Invisible Women
Invisible Women

Invisible Women

Table of Contents

Introduction: The Default Male

The generic masculine is also used when referring to groups of people: when the gender is unknown, or if it’s a mixed group the generic masculine is used. So a group of one hundred female teachers in Spanish would be referred to as ‘las profesoras’ – but as soon as you add a single male teacher, the group suddenly becomes ‘los profesores’. Such is the power of the default male. (Location 487)

In 2012, a World Economic Forum analysis found that countries with gender-inflected languages, which have strong ideas of masculine and feminine present in almost every utterance, are the most unequal in terms of gender. (Location 499)

The world’s ‘fastest-growing language’, used by more than 90% of the world’s online population, is emoji. (Location 507)

Tags: emoji, language

we read most things as male unless they are specifically marked as female. (Location 526)

The result of this deeply male-dominated culture is that the male experience, the male perspective, has come to be seen as universal, while the female experience – that of half the global population, after all – is seen as, well, niche. (Location 587)

Tags: female

Note: .female

It should be easier to imagine yourself as a woman than as a blue hedgehog. But on the other hand she’s also wrong, because that blue hedgehog has one particularly important similarity with male players, even more so than species alignment, and that is that Sonic the hedgehog is male. We know this because he isn’t pink, he doesn’t have a bow in his hair, and he doesn’t simper. (Location 635)

Tags: female

Note: .female most characters are male, even when they are not human

The fact is that worth is a matter of opinion, and opinion is informed by culture. And if that culture is as male-biased as ours is, it can’t help but be biased against women. By default. (Location 673)

For him, the way he saw the world was universal, while feminism – seeing the world from a female perspective – was niche. Ideological. (Location 741)

These white men have in common the following opinions: that identity politics is only identity politics when it’s about race or sex; that race and sex have nothing to do with ‘wider’ issues like ‘the economy’; that it is ‘narrow’ to specifically address the concerns of female voters and voters of colour; and that working class means white working-class men. (Location 761)

Because this perspective is not articulated as white and male (because it doesn’t need to be), because it is the norm, it is presumed not to be subjective. It is presumed to be objective. Universal, even. (Location 777)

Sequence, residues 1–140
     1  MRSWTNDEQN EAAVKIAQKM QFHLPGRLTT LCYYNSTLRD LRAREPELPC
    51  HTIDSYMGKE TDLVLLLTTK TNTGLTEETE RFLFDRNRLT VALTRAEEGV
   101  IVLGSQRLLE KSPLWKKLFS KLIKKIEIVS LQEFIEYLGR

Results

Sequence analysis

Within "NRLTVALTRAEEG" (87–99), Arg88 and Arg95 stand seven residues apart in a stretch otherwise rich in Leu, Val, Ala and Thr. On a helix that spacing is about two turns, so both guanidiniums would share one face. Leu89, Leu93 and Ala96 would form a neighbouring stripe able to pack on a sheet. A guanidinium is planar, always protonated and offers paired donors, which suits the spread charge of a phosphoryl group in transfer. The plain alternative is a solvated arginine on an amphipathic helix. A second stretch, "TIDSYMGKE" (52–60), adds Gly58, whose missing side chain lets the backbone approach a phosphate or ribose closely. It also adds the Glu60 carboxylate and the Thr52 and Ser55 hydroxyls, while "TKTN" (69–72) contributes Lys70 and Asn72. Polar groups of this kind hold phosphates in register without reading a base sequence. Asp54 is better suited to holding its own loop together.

Invisible Women is the story of what happens when we forget to account for half of humanity. It is an exposé of how the gender data gap harms women when life proceeds, more or less as normal. In urban planning, politics, the workplace. It is also about what happens to women living in a world built on male data when things go wrong. When they get sick. When they lose their home in a flood. When they have to flee that home because of war. (Location 792)

PART I Daily Life

CHAPTER 1 Can Snow-Clearing be Sexist?

CHAPTER 2 Gender Neutral With Urinals

The lack of adequate toilet provision is a public health problem for both sexes (for example, in India, where 60% of the population does not have access to a toilet,9 90% of surface water is contaminated (Location 1115)

Tags: india

Note: .india

A 2016 study found that Indian women who use fields to relieve themselves are twice as likely to face non-partner sexual violence as women with a household toilet. (Location 1144)

Most of the agencies she surveyed had security strategies on their buses: 80% had CCTV; 76% had panic alarms; and 73% had public address systems. But the vast majority neither had, nor intended to install, security measures at bus stops. This is in diametric opposition to what women actually want: they are far more likely to feel scared waiting in the dark at a bus stop than they are to feel scared on the bus itself. And in fact, they are right to feel this way: one study found that people were over three times more likely to be a victim of crime at or near a transit stop than on the vehicle itself. (Location 1302)

Tags: bus

Note: .bus people are more likely to be a victim of crime at bus stops, but they dont have security measures there

three women set up a crowd-mapping platform called Safe-City.83 Women can report the location, date and time they were harassed, as well as what happened, ‘so that others can view “hot spots” of such incidents on a map’. The data collected so far is revealing: groping is the most common type of harassment – ahead even of catcalls – and it is most likely to happen on public buses (likely because of overcrowding). (Location 1341)

It turned out that single large open spaces were the problem, because these forced girls to compete with the boys for space. And girls didn’t have the confidence to compete with the boys (that’s social conditioning for you) so they tended to just let the boys have the space. But when they subdivided the parks into smaller areas, the female drop-off was reversed. ... And like the grassy spaces, they also subdivided the sports courts. Formal sports like basketball were still provided for, but there was also now space for more informal activities – which girls are more likely to engage in. (Location 1367)